When it comes to treating your pet, we put your pet’s well-being before all else. At Veterinary Cancer Center, your pet’s health comes first. We strive to ensure that our cancer treatment is kind and gentle and has very few side effects. During all phases of treatment, our focus is on improving your pet’s quality of life. We will work with you to design a protocol that is effective against your pet’s cancer and works with your budget and lifestyle. Of course, before we can get to all of that, we need your help in monitoring your pet’s overall well-being.

In a perfect world, our pets could talk and tell us what was hurting them. Unfortunately, we have to look out for signs that they’re in pain. Whether it’s difficulty playing or walking like usual, swelling that doesn’t seem to go away, or issues when going to the bathroom, it’s important to keep your eyes peeled for any signs that your pet is feeling “off.”

Pain can be diagnosed by more than physical changes, sometimes we’ll want to know what’s going on with their behavior as well. We have some things on what to look out for.

Behavioral changes

  • Decreased appetite — especially if he’s experiencing dental pain
  • Changes in water consumption — dogs that begin drinking considerably more or less water each day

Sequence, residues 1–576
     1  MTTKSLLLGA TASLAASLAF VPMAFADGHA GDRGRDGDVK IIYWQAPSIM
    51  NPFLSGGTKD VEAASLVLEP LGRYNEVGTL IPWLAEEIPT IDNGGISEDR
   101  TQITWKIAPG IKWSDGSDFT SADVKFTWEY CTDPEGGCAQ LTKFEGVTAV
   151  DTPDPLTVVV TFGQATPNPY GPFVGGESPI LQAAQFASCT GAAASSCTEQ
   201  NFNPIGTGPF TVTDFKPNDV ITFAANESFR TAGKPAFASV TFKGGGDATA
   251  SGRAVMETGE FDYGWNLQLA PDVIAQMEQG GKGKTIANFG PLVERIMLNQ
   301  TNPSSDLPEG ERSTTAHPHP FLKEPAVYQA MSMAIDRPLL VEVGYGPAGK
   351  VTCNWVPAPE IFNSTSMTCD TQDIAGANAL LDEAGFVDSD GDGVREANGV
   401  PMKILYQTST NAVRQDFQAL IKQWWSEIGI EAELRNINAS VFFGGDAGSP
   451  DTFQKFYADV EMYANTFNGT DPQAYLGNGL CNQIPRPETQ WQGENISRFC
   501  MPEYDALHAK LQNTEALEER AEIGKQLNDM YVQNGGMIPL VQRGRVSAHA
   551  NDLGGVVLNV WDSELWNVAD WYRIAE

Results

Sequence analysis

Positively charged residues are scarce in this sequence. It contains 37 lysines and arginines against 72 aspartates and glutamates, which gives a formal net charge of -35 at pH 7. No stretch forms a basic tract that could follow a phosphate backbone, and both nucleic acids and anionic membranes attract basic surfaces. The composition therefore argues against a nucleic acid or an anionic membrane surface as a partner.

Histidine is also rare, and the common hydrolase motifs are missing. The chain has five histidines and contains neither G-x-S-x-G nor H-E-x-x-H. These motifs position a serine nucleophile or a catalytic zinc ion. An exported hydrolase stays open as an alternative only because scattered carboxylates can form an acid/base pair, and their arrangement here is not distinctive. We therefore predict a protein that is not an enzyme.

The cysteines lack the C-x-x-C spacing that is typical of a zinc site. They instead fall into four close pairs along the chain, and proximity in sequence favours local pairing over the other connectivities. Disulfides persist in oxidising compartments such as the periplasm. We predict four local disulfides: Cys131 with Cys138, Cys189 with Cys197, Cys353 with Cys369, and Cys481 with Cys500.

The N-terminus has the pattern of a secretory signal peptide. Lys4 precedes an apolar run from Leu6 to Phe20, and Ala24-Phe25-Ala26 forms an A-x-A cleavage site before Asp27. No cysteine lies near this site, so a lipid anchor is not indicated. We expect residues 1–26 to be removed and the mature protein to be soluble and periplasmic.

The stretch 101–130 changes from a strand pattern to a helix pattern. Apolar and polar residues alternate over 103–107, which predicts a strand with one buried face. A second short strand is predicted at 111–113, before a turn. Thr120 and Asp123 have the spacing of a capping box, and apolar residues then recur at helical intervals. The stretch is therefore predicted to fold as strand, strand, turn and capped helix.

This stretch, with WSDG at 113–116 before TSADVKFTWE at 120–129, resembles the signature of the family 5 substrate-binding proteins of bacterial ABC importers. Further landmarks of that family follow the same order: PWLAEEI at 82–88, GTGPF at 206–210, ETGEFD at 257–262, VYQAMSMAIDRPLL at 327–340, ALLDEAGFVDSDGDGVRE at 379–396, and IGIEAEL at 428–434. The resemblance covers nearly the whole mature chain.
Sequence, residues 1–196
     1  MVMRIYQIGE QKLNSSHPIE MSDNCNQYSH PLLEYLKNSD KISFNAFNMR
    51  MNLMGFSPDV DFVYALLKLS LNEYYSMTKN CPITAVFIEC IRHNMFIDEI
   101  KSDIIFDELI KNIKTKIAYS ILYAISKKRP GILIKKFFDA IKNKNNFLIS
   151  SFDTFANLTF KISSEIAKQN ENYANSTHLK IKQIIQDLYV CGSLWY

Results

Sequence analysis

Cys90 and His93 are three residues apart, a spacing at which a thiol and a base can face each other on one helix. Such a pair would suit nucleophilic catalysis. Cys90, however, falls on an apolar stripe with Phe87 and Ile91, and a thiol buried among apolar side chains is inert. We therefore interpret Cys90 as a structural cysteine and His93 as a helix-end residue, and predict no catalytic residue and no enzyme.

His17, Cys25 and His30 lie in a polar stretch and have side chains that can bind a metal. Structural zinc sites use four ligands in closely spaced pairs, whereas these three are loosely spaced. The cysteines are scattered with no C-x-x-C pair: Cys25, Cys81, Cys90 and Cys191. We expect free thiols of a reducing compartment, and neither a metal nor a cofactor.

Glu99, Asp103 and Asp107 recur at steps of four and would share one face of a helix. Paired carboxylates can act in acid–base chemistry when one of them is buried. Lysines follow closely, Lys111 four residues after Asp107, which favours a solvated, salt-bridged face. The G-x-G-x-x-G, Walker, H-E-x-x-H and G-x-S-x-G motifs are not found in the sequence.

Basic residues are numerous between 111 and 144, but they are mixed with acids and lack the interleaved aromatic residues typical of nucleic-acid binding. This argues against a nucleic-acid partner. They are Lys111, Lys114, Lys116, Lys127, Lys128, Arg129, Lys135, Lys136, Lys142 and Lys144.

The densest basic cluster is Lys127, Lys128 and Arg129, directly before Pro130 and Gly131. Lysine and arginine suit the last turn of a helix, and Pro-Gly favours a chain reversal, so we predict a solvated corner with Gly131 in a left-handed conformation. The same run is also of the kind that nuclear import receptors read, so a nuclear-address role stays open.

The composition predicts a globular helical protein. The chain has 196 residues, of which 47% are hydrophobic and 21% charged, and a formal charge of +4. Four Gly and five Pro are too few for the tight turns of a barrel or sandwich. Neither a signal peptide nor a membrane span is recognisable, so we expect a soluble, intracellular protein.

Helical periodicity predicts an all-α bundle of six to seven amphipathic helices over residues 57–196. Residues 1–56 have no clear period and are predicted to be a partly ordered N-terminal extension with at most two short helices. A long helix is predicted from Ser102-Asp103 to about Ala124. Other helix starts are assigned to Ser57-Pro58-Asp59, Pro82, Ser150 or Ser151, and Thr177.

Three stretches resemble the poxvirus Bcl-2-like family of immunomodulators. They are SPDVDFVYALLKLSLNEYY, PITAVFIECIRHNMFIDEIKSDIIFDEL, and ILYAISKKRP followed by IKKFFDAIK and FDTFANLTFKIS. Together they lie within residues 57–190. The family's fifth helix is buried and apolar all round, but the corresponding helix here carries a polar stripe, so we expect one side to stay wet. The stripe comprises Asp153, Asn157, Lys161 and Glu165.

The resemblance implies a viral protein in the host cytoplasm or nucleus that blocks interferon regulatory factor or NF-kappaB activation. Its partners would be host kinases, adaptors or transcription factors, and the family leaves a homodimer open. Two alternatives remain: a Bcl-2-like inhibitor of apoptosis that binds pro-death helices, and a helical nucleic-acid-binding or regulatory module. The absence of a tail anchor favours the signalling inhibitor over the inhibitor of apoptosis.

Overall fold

• Sleeping more or less — a dog might sleep more if he’s trying to heal or less if he can’t get comfortable
  • Excessive grooming — dogs that suddenly begin licking their paws excessively may be attempting to soothe themselves
  • Antisocial behaviors — if your pup has always run to greet you at the door or typically loves playing with your children but suddenly seems disinterested
  • Aggressive behaviors — dogs that are suddenly more irritable or quick to react when touched or stimulated
  • Agitation or restlessness — pacing back and forth repeatedly or difficulty getting comfortable
  • Being more vocal — an increased amount of yelping, growling, howling, or snarling

 

Physical changes

  • Stiff or rigid body posture — if your dog doesn’t seem to want to move a specific part of his body, or his entire body, he could be suffering from an injury or arthritis
  • Limping — one of the more obvious signs of pain and/or injury
  • Swelling — if your dog’s face, legs, or paws seem to be swollen, he could be suffering from inflammation, an infection, or worse
  • General fatigue or malaise — dogs that become reluctant to climb stairs or slower to get up
  • Heavier panting — dogs that begin panting heavily, even though they haven’t been exercising or aren’t trying to cool themselves
  • Changes in breathing — shallow breathing might be a sign that it’s painful for your dog to take a deep breath

If you have any questions about changes in your pet’s health, please keep contact us immediately. Our team is here to help. We know what you’re going through, and we’re here to do everything we can.

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